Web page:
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Seeding By Helicopter Only $5 Per Acre
Want to seed down a winter cover crop before the corn is harvested? You can do it with a helicopter.
On steep, erodible slopes of the middle Atlantic states, it's essential that crop fields have vegetative cover over the winter. But it's usually too late to plant small grain after the corn crop is taken off in October. Instead, aerial seeding is done in August while the corn is still growing.
"We find that August 15-30 is the best time for seeding a cover crop," says Karl Hellerick, soil conservationist in Lebanon County, Pennsylvania. "At that time we have surface moisture to germinate the seed, and the corn provides some shade but lets through enough sunlight to get the cover crop started. By the time the corn is taken off, the grain is usually 6-8 inches high."
Aerial seeding in that area is done by Ag-Rotors of Gettysburg, Pennsylvania, a helicopter service that does agricultural and other kinds of work.
Carrol Voss of Ag-Rotors explains that the seeding is done with either a sling bucket or a grain hopper mounted on the helicopter. An aircraft usually works with two buckets, one spreading from the air while the other is on the ground being filled. When the mounted hopper is used, the helicopter hovers while the empty hopper is filled.
A sling bucket holds 400-600 pounds of grain. That is dispersed with a fan driven by a small gasoline engine mounted inside the bucket or by the hydraulic system of the helicopter. A sling bucket will spread a swath about 75 feet wide. A mounted grain hopper spreads a 50-foot width.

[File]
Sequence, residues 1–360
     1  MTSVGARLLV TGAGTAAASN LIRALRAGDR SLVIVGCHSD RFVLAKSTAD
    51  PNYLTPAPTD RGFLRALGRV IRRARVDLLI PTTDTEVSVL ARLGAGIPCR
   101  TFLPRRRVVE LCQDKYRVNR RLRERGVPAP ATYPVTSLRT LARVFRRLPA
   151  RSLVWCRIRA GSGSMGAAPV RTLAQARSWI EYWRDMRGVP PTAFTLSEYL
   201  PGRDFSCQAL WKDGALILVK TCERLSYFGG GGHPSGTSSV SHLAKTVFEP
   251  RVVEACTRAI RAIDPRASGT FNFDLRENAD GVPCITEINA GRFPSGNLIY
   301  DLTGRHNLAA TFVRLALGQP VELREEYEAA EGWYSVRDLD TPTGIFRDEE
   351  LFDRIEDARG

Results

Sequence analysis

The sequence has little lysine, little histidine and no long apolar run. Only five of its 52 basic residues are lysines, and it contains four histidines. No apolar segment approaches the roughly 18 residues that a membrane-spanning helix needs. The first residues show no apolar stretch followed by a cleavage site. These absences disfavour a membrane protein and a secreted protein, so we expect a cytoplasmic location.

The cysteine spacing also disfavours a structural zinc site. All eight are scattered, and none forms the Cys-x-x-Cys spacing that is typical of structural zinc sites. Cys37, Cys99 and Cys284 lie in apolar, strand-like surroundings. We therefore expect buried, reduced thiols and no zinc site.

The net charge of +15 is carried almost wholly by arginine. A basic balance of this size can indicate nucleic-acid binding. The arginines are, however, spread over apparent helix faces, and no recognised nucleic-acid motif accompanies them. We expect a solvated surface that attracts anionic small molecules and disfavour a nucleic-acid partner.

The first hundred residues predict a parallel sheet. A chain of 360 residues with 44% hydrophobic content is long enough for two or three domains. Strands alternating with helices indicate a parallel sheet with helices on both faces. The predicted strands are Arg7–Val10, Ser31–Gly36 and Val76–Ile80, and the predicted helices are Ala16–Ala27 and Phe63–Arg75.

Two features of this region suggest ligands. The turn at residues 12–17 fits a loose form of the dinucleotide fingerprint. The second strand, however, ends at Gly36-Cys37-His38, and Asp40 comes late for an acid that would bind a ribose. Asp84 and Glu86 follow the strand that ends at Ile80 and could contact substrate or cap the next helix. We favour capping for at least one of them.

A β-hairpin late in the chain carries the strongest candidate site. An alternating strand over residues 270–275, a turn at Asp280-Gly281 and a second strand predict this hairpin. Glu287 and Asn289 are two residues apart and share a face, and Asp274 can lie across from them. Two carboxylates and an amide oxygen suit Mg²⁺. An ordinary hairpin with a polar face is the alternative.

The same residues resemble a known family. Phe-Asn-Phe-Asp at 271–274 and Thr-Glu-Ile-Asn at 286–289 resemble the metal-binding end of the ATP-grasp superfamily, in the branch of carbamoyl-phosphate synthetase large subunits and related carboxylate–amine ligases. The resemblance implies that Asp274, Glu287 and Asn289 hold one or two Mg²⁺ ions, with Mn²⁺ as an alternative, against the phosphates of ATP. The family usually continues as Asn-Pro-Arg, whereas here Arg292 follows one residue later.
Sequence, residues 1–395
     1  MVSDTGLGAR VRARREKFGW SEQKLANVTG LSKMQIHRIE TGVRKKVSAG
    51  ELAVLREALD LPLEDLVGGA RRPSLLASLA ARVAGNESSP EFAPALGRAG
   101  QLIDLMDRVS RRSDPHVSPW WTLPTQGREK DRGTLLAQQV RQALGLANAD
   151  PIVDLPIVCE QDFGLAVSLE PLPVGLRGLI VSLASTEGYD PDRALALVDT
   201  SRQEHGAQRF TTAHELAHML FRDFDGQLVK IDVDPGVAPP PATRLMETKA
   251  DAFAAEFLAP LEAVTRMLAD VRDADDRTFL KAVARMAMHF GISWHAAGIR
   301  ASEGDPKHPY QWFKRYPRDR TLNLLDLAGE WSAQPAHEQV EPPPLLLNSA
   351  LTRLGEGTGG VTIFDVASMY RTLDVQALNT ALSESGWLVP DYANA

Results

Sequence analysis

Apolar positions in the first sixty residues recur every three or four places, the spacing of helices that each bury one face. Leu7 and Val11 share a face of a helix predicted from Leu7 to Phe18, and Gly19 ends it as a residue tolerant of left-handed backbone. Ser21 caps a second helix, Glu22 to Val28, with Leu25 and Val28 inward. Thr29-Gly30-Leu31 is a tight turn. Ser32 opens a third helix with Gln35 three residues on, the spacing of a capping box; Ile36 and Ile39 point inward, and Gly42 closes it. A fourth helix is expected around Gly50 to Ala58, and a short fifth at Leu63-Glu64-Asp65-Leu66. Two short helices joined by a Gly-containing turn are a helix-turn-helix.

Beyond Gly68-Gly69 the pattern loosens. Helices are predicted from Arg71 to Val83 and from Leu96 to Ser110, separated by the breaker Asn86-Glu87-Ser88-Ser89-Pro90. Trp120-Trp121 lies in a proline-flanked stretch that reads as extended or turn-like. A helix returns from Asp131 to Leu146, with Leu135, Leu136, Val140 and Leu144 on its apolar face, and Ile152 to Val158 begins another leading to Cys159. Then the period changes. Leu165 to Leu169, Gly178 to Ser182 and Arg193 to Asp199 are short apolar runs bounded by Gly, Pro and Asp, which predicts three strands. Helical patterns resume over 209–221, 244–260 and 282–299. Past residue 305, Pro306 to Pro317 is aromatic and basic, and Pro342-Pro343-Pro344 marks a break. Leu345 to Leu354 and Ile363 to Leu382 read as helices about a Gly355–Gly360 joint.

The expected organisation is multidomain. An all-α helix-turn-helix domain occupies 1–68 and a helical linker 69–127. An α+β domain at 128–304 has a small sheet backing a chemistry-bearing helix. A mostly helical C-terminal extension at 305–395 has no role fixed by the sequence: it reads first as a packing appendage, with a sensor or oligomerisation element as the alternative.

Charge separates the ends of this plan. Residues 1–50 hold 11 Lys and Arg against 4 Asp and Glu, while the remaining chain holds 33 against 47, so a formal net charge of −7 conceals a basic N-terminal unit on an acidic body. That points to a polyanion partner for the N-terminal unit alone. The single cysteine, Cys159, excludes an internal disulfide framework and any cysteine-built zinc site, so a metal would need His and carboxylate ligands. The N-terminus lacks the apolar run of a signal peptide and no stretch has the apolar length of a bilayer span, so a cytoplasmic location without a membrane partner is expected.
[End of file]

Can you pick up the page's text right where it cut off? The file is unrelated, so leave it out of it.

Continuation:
"The cost of seeding to the farmer is from $5-10 per acre," says Voss. "The pilots work by the hour, and the cost depends on how efficiently they can work. The customer has to be well organized with his grain trucks so no time is wasted waiting for an empty bucket to be filled. With everything going right, a pilot can seed 50 acres per hour."
The sling buckets for grain are made specifically for the helicopter trade. They cost about $6,000 and are not an item that the average farmer would have. "Although," says Voss, "we have farmers that have bought a helicopter and accessories to go into the custom seeding and spraying business."
Ag-Rotors gives a full line of helicopter service, and they are one of only a few offering aerial seeding. They also offer helicopter training to farmers who want to do aerial custom work.
For more information, contact: FARM SHOW Followup, Ag-Rotors, R.D. 1, Box 578, Gettysburg PA 17325 (ph 717 334-6777).

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1979 - Volume #3, Issue #2